TEACHERS in the region have expressed fears about A-level results after a last-minute change to the way grades will be decided.
Education Secretary Gavin Williamson announced late on Tuesday that students will be able to use their results in mock tests to appeal if they are unhappy with the grades they are given – and will also be able to sit exams in the autumn.
But in Scotland, students will now receive grades as predicted by their teachers – leaving students in England with fears their grades will be disproportionally lower than their Scottish counterparts.
Chris Zarraga, director of Schools North East said: “Early indications have shown that it is likely that Ofqual will be downgrading the teacher assessed grades submitted.
“We hope that the use of historical data does not result in disproportionate downgrading for schools in disadvantaged areas, as has been seen in Scotland.
“When the levels of disadvantage in the North East are taken into account, our students perform equally to those elsewhere in the country, yet our exams system doesn’t allow for this and so the North East persistently falls behind in GCSE exam performance. We cannot allow our students to be penalised further by the unique arrangements of this year’s results.
“This last minute announcement from the Department for Education around acceptance of mock exam results is incredibly disappointing both for our students and school leaders. The DfE and Ofqual have had months to establish a proper system of fair assessment, and to make this change at the last minute without any consultation shows a lack of planning and understanding of the issues.
“It has added another aspect to an already complex and fraught process, which throughout has lacked transparency. Rather than these reactionary measures, we need a fair and evidenced-based exams and assessment system which is rooted in consultations with staff in schools.”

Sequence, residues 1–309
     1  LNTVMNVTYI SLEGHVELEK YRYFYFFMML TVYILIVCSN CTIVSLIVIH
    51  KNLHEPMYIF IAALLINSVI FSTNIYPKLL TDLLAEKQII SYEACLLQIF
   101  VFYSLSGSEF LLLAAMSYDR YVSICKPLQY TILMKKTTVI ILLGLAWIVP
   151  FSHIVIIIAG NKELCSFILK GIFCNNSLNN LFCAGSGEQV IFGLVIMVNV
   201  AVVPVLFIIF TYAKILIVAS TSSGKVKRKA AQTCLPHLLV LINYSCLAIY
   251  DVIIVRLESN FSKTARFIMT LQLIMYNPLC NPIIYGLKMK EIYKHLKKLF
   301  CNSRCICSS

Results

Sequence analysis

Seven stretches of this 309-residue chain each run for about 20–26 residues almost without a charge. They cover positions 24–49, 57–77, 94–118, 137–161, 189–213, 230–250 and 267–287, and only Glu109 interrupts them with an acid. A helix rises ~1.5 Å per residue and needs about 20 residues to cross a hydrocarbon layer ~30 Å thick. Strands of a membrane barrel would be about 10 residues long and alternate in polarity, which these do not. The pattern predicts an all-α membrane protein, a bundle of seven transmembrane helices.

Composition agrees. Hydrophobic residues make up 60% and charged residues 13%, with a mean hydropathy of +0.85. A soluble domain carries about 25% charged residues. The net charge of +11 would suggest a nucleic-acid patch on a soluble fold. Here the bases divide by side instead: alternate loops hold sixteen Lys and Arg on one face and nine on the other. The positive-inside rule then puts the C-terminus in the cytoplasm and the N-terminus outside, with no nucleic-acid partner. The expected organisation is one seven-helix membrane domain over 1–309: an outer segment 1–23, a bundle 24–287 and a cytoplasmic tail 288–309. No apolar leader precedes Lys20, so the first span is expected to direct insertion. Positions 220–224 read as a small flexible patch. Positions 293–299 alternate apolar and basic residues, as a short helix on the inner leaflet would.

Political leaders in Darlington have given a mixed reaction to the government’s last-minute changes to GCSE and A Level results system.
While concerns have been raised over the timing of the Department for Education announcement that the results of A-level and GCSE students in England would be no lower than the grades they achieved in mock exams earlier this year, some prominent Darlington Borough councillors said taking a written exam in the autumn was a fair option for pupils.
Councillor Jon Clarke, the authority’s children’s and young people portfolio holder, said it was sensible to base the predicted grades on mock exams and good to give students the opportunity to prove themselves in exams in the autumn.
He said determining results through teachers’ assessments would have been the simplest way to resolve what was a difficult issue.
Councillor Anne-Marie Curry, leader if the council’s Liberal Democrat group, added she did not believe teachers would be overly generous on assessing their students’ capabilities. She said: “Why can’t we just trust the teachers? Teachers are aware of when their kids are doing well and can predict sometimes years ahead when there’s an exceptional cohort.”
However, she said mock exams were often “a wake-up call” for students and that some students treated them very seriously while others didn’t.
She said the results of mock exams bore little relation to the grades students could expect to achieve after ramping up their studies in the months before exams, and Cllr Clarke said some students performed well in mock exams as there was less pressure than in real exams.
Cllr Clarke said finding a perfect solution for everybody would be impossible and the government had demonstrated that it listened and responded to feedback. He said: “This is a very difficult situation in unprecedented times.”
Cllr Curry said the issues over grading students had been foreseeable and the government’s last-minute changes had created additional uncertainty and stress for students.
Maura Regan, CEO of Bishop Hogarth Trust and Trustee of Schools North East said: “It is extremely disappointing that centre assessments have not been accepted but rather a moderation process has taken place based on a statistical model and which therefore does not fulfil the commitment that children will get the grade they deserve.”
Rishi Sunak, MP for Richmond, said: “Students can take further exams in the autumn and decide what’s best for them, and that ensures fairness in what is a very difficult time for young people.”